The record indicates that completed service packets were received in the Clerk’s office on April 8, 2014, and summonses were issued on the following day, April 9, 2014. The record indicates that service of process on the Defendants was accomplished in late April and early May 2014 (Docket Entry Nos. 33 34, 35, 37, 38 and 39). Defendants filed their motion to dismiss or for summary judgment on June 9, 2014 (Docket Entry No. 43).

ANALYSIS

Rule 4(m) of the Federal Rules of Civil Procedure provides in pertinent part as follows:

Time Limit for Service.
If a defendant is not served within 120 days after the complaint is filed, the court – on motion or on its own after notice to the plaintiff – must dismiss the action without prejudice against that defendant or order that service be made within a specified time. But if the plaintiff shows good cause for the failure, the court must extend the time for service for an appropriate period.

Defendants argue here that Plaintiff Murdock has failed to serve them within the required 120 days and has failed to show good cause for his failure. In response to Murdock’s claim that he never received the service packets mailed to him by the Clerk in February 2013, Defendants have filed the affidavit of Charles Smith, a corrections officer employed at Riverbend Maximum Security Institution (Docket Entry No. 46). In this affidavit, Smith testifies that the prison mail log at Riverbend shows that items of mail addressed to Murdock from the Clerk of this Court were logged in at the prison mail room on February 6, February 7, February 8, February 15, and February 26, 2013 (Id.) The mail log apparently does not contain information identifying the contents of Murdock’s mail from the Clerk.[1]

The docket sheet includes a copy of a mail return receipt that appears to bear Murdock’s signature indicating it contained Docket Entry No. 7, the order granting Murdock’s motion for leave to proceed in forma pauperis (Docket Entry No. 9). In addition, the docket sheet indicates that mail addressed to Murdock was returned by the post office undelivered and received by the Clerk on February 13, 2013 (Docket Entry No. 10). The docket sheet indicates that this mail was resent to Murdock with a corrected zip code on that same day.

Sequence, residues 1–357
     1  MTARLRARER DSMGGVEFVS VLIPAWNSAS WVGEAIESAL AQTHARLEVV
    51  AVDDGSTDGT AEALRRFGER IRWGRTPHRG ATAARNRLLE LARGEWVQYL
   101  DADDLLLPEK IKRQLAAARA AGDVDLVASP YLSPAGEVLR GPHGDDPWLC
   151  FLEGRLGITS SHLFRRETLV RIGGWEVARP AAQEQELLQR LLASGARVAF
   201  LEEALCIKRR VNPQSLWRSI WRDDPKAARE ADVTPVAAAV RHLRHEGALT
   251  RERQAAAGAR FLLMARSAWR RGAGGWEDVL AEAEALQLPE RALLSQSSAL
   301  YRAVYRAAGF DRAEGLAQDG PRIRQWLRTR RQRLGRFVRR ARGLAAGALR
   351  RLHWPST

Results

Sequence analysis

In his response in opposition to Defendants’ motions, Murdock states that he never received service packets in this case from the Clerk (Docket Entry 48 at 3). Murdock further asserts that the law library at Riverbend Maximum Security Institution does not maintain copies of summons forms for the district court and that he was able to obtain a photocopy of a summons “from a friend who lives in east Tennessee” (Id. at 3).

From the foregoing facts, the undersigned Magistrate Judge finds that Plaintiff Murdock has demonstrated good cause for the delay in accomplishing service of process on Defendants. First, Murdock is a prisoner confined in the custody of the Tennessee Department of Corrections and must rely upon the mail to communicate with the Court. Second, Murdock is without legal representation and is entitled to certain liberal treatment regarding deadlines and pleading formalities not ordinarily afforded to parties who are represented by lawyers. Third, the record is unclear whether Murdock actually received service packets from the Clerk that should have been mailed to him in February 2013. The docket sheets indicate that mailings were made by the Clerk’s Office to Murdock in February 2013, but the record fails to state whether service packets were included in the mailings. The affidavit of Charles Smith indicates that Murdock received mailings from the Clerk during February 2013, but these records likewise fail to indicate what those mailings contained. As mentioned above, Murdock states that he failed to receive service packets from the Clerk.

From all of the foregoing, the undersigned finds that there is at least a reasonable doubt that Murdock received service packets from the Clerk in February 2013. Murdock did return service packets shortly after a second set was mailed to him in March 2014. Finally, although Defendants in their memorandum argue that they have been prejudiced by delay in receiving service of process, the undersigned finds that, given the legal issues in this case it is unlikely that Defendants have been materially prejudiced. In addition, the undersigned finds that courts generally disfavor disposing of cases based upon procedural default and favor deciding cases on the legal merits.

For all the reasons stated above, the undersigned finds that Defendants’ motions to dismiss or for summary judgment (Docket Entry Nos. 43 and 56) should be denied.

RECOMMENDATION

For the reasons state above, the undersigned Magistrate Judge recommends that Defendants’ motion to dismiss or for summary judgment (Docket Entry Nos. 43 and 56) should be denied.

Under Rule 72(b) of the Federal Rules of Civil Procedure, any party has 14 days from receipt of this Report and Recommendation in which to file any written objections to this Recommendation with the District Court. Any party opposing said objections shall have 14 days from receipt of any objections filed in this Report in which to file any responses to said objections. Failure to file specific objections within 14 days of receipt of this Report and Recommendation can constitute a waiver of further appeal of this Recommendation. Thomas v. Arn, 474 U.S. 140 106 S.Ct. 466, 88 L.Ed.2d 435 (1985), Reh’g denied, 474 U.S. 1111 (1986).